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Tackling Cases Of Malpractice In Our Examinations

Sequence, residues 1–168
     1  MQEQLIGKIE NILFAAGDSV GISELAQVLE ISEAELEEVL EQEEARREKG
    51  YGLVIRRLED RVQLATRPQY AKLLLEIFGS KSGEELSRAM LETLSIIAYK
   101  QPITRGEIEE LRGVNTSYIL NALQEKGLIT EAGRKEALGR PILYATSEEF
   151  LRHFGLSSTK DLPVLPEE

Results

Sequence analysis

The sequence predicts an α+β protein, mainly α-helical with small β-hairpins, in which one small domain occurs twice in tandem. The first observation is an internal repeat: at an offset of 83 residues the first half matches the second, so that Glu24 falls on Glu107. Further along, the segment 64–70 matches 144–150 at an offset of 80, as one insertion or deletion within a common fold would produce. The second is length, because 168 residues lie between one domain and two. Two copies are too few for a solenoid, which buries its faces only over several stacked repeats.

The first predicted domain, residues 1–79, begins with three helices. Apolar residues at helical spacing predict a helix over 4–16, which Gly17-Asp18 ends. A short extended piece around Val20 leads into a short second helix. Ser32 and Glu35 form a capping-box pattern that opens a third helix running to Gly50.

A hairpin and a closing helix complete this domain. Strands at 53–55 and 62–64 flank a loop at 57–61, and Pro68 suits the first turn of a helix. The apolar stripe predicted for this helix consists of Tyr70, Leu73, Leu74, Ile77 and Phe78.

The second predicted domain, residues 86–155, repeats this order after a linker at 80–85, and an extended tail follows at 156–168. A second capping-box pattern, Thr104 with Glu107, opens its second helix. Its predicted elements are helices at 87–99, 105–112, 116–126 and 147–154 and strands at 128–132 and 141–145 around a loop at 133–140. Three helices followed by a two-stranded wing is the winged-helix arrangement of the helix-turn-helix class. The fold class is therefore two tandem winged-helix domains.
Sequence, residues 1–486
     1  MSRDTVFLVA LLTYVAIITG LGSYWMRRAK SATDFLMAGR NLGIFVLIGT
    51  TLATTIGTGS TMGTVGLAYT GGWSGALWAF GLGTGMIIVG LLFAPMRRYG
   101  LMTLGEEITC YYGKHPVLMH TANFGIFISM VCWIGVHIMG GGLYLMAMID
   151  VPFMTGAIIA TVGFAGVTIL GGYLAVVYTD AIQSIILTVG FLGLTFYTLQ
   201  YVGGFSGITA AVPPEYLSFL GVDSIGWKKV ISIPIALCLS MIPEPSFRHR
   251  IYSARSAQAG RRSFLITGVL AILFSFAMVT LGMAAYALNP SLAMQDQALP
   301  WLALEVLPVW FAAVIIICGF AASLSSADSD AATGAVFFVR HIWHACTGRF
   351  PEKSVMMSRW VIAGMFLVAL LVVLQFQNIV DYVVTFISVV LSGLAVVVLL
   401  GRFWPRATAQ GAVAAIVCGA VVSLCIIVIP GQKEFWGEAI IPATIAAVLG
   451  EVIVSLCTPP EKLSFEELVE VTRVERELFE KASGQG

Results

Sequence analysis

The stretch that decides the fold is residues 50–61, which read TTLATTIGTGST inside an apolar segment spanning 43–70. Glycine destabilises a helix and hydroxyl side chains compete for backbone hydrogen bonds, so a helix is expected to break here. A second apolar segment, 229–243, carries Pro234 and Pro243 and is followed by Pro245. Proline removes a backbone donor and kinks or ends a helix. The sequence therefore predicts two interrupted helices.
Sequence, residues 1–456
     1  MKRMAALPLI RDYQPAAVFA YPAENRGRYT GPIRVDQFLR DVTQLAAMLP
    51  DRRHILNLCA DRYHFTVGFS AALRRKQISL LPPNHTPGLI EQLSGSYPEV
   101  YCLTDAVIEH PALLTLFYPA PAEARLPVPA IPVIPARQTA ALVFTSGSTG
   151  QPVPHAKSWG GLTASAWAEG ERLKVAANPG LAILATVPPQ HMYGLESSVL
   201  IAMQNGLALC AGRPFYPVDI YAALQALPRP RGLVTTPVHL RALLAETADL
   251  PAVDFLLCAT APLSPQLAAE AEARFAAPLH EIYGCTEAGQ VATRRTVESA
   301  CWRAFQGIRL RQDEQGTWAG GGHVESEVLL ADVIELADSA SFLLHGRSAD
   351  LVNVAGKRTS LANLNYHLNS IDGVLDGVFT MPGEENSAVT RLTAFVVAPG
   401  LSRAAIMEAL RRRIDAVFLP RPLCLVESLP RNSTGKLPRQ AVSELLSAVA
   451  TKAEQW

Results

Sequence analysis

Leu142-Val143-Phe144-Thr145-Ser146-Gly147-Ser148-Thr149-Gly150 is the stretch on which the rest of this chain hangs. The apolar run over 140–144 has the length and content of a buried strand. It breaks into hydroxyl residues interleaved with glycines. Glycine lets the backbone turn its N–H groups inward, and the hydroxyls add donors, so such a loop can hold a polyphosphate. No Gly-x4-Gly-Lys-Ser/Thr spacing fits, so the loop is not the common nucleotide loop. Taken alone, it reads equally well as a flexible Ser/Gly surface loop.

A myriad of malpractices have continued to plague the conduct of internal and external examinations in Nigeria. Each year, examination bodies as the West African Examination Council (WAEC) and the Joint Admissions and Matriculations Board (JAMB) as well as the National Examinations Council (NECO) and the National Board for Technical Education (NABTEB) cancelled results of hundreds of thousands of candidates over alleged malpractices. Due to lack of proper preparation or confidence in their independent academic capabilities, some students device various strategies or sometimes aided by officials to cheat during examinations in a bid to make good grades. For instance, in July 2017, WAEC withheld the results of 214,952 candidates of the May/June West African Senior Secondary School Certificate Examinations (WASSCE), over various reported cases of examination malpractice. Also, results of 14,756 candidates were withheld in the 2017 October/November WASSCE in connection with various cases of examination malpractice. Similarly, the results of 1,021 candidates, representing 9.03 per cent of the total candidates in the WASSCE for private candidates 2018-First Series were withheld over various reported cases of examination malpractice. In the 2020 WASSCE result released on November 2, 2020, the results of 215,149 candidates, representing 13.98 per cent of the total number of candidates that sat for the examination, were withheld in connection with various reported cases of examination malpractice, according to a statement by the head of WAEC National office, Patrick Areghan. Areghan said, "The cases are being investigated and reports of the investigations will be presented to the appropriate Committee of the Council for determination in due course." The 2020 results showed that about 1.338,358, representing 86.99 percent of 1.538,445 candidates, who sat for the 2020 WASSCE, obtained credit and above in a minimum of any five subjects with or without the compulsory English Language and Mathematics. Also, the Joint Admissions and Matriculation Board, JAMB, in 2017 withheld the results of 80,889 candidates who sat for the 2017 UTME over alleged examination malpractices. In 2018, JAMB said the results of 111,981 candidates who sat for the 2018 Unified Tertiary Matriculation Examination (UTME) were withheld for "further screening" while it released 1,502,978 results. In 2019, JAMB registrar, Professor Ishaq Oloyede, announced the delisting of 76 Computer-Based Test Centres for various infractions in the 2019 UTME. JAMB also appointed a SeniorAdvocate of Nigeria to prosecute about 100 persons arrested for involvement in various malpractices during the UTME of April 11 and 18, 2019, as captured on Closed Circuit Television Cameras. Irrespective of stringent provisions of the law and despite consistent condemnation of the menace, and attempts by examination bodies to raise the standard of examinations, examination malpractice has, undoubtedly, become a canker worm that has eaten deep into the fabrics of Nigeria's educational system, in all tiers, because some students, teachers, and parents are reluctant to change their minds and attitudes towards examinations. This year, it was feared that the performance of WASSCE candidates would be poor, due to the long closure of schools occasioned by the Covid-19 lockdown, but the examination body had allayed such fears pointing out that the postponement of the examination from April to August was an added advantage to the candidates as all learning and revisions should have been concluded by March if the examination was not postponed. As a way forward, students must be sensitized to know that hard work is the key to academic success and excellent future career. This means there must be a conscious determination and hard work by them to succeed in their educational pursuits. Parents should encourage their wards to face their studies squarely and work hard to earn their grades, while teachers should be more innovative to empower students to face examinations with confidence and pass well on their own. In addition, corrupt officials should be held responsible for their roles, while concerted efforts must be made to upgrade moribund educational facilities in public schools to promote teaching and learning. A lot more determined efforts must be made to deal with the menace of examination malpractice, and there should also be a collective responsibility to achieve zero malpractice in our examinations.

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